We’re both low on data, to start with.
We should have done research beforehand, about where to park my beat-up Mitsubishi or what’s in the neighborhood, dinner and coffee-wise. Work has been crazy, it’s always too crazy to do any planning ahead. Frankly it’s a miracle we’re both off on the same night. We’ll roll with it. My sister and I travel well together, and tonight I convinced her to come to Philly with me to catch Helen Oyeyemi and Álvaro Enrigue at Central Library.
But we’re both low on data and don’t want to kill our remaining gigs with Google Maps. Also, we don’t know Philadelphia well. We grew up 40 miles away, safely tucked into suburban New Jersey. As girls, we heard nothing kind about Philly. It was dirty, unsafe. In our 20s we’ve been exploring Philadelphia, neighborhood by neighborhood, discovering new delights every visit. Why did they hide this city from us? We need to make up for lost time.
First stop: a hip diner for meatloaf and cheesesteak. Being alive makes us hungry, we wake up hungry every morning, 16-hour workdays in middle management make us hungry. We power through with coffee coffee coffee cream sugar and Diet Coke. But now, we feast.
Sated, we walk in circles without a map. Did YOU know the Benjamin Franklin Parkway cuts diagonally through the neat city blocks in this area? We keep crossing over 676, why is there a highway in the middle of a city, by all of these museums? Wait, you can just WALK through Logan Square?
We duck into a Whole Foods—a Whole Foods! In a city center! We’re used to seeing them in strip malls that are so out of our way we never bother to make the trip. But now, we can just breeze through the Bakery, find a snack for later.
Cutting through the cupcakes is the most gorgeous human man we have ever seen. We’re both a little awe-struck—can he be real? We should find him again, peek in his shopping cart. Could this dark-haired Adonis in a tailored suit actually eat human food? Instead we find a box of soft, chocolate-dipped cookies and stumble back into the street.
We should have made it to the reading on time. Early, even. But we are mixed up, heading in the wrong direction. We cross intersections at the STOP signal, running, running, always running.
We make it to the basement of the Free Library of Philadelphia halfway through the event, just as it’s being opened up for audience Q&A. Sensual commentary on history, imagery, and the mechanics of a novel pour out of Álvaro Enrigue while we search for seats in the back of the room. And while my sister gets up to the find the restroom. And the entire time she’s gone. And when she ges back.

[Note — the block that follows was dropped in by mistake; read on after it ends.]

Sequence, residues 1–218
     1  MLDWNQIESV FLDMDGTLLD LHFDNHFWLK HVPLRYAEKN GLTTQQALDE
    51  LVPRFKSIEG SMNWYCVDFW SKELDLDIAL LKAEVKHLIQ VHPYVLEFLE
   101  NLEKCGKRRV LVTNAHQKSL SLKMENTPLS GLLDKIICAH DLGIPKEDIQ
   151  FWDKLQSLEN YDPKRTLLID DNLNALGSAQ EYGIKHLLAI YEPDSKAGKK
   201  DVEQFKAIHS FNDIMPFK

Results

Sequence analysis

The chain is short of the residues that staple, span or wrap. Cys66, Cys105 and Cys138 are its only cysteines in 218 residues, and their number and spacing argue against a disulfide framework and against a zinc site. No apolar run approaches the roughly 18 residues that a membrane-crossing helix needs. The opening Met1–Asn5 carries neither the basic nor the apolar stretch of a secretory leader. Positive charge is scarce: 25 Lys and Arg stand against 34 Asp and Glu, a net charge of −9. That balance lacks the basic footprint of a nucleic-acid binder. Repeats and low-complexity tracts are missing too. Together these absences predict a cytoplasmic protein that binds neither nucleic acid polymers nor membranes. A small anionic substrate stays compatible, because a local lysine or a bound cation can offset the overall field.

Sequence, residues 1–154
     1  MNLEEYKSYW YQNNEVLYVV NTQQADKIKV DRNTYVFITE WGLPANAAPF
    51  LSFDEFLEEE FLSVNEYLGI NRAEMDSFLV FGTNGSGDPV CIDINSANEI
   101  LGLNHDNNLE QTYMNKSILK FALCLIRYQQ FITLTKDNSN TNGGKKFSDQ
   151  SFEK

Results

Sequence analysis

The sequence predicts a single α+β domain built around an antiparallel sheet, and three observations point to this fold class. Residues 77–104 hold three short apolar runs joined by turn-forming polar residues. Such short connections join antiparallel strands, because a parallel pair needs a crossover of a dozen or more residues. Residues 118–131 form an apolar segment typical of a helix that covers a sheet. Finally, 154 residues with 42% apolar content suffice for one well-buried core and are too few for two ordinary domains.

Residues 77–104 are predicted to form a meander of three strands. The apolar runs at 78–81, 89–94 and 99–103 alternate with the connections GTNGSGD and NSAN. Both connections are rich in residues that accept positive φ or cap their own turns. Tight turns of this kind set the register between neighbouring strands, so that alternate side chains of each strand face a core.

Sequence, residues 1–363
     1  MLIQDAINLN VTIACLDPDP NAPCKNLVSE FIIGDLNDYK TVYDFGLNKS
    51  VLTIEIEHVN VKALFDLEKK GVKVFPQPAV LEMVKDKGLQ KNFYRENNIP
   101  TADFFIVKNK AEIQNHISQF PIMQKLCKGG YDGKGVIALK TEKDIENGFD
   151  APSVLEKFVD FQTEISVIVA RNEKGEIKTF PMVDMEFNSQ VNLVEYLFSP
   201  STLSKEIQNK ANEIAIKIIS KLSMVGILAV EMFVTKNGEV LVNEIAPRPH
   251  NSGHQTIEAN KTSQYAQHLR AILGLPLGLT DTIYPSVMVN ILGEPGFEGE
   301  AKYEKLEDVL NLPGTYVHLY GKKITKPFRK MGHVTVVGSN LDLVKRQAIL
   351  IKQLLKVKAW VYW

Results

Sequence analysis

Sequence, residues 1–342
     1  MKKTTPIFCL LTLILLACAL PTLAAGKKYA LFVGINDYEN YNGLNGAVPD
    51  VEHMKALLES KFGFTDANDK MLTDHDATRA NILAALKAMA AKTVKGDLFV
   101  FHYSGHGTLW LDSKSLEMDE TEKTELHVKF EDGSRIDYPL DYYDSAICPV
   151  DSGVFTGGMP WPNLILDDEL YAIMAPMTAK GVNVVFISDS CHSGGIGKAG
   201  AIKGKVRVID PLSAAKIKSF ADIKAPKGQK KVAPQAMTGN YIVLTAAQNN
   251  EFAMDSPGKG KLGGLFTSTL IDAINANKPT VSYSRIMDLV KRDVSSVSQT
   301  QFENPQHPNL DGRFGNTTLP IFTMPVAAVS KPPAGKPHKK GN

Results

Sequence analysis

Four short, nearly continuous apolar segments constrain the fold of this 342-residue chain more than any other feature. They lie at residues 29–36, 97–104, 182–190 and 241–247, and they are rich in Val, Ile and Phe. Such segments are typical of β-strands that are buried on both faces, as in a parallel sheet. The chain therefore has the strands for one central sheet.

When she gets the chance, Oyeyemi is soft-spoken and deep-thinking. Maybe a little uncomfortable to be on stage. Maybe a little more than uncomfortable at the questions she’s asked by the crowd. They want to compare her to other authors, and hear her compare her own work to Zadie Smith or Angela Carter. They want her to give an academic lecture on race as a construct in British literature, then compare it with race as a construct in American literature.
Oyeyemi passes on the question. Says she cannot understand what is being asked of her.
Enrigue effuses some more. His cup runneth over. His mouth runs, and runs and runs. It’s not unpleasant! He talks about the mastery of Oyeyemi’s plot work. Stories interconnected by symbols like skeleton keys; one door opens to another door, another door.
I feel like Borges is reading me a bedtime story. (No one in the audience asks Enrigue to compare his work to Borges.)
Oyeyemi wants to talk about fairy tales. Her favorite, she tells us, is Sleeping Beauty. She wants to explore the notion of a power inside one girl to suspend time for the whole world.
I want to hear more about the power inside one girl—I don’t know, how about the power to write a novel that blows me away, and doesn’t have to justify its existence with an impromptu PhD defense of racial constructs in all of English-language literature?
The mic is passed throughout the audience. Oyeyemi is asked, again, about racial constructs in her work. And racial constructs in all of post-colonial literature. She again falters, doesn’t know how to answer.
The event ends and we don’t really know what to think. It’s a lot to process. We also have no idea how to get back to the parking deck where we left the car. But we maybe know how to get to that artisanal cookie shop.
In line behind us, a woman of our grandparents’ generation asks us if we understand the menu. Do we have to get a half dozen cookies? She just wants one. We admit: We don’t know, this is our first time here. The lady says if she can only buy a dozen, she will steal one and run away. My sister and I agree to cause a distraction. (Turns out you can buy them individually.)
Every time my sister and I go into Philadelphia together, we get comments from women our parents’ age, or a little older. These women tell us we’re lucky we get along so well. They advise us to enjoy each other’s company. And we do, we do.
The night is over and I can say: I saw Helen Oyeyemi speak for 28 minutes and it was worth it, because it made me see once again how radical it is for many people to believe that there is power enough in one woman or girl to change, or even make their own path through, the world.
My sister and I make it through the world. Without turning on Google navigation even though we must be close to that Wawa by now and goddammit the cigarettes are all gone, a 7-11 would work, too.
Laura Eppinger graduated from Marquette University in Milwaukee, Wisconsin, USA in 2008 with a degree in Journalism, and she’s been writing creatively ever since. She the blog editor here at Newfound Journal.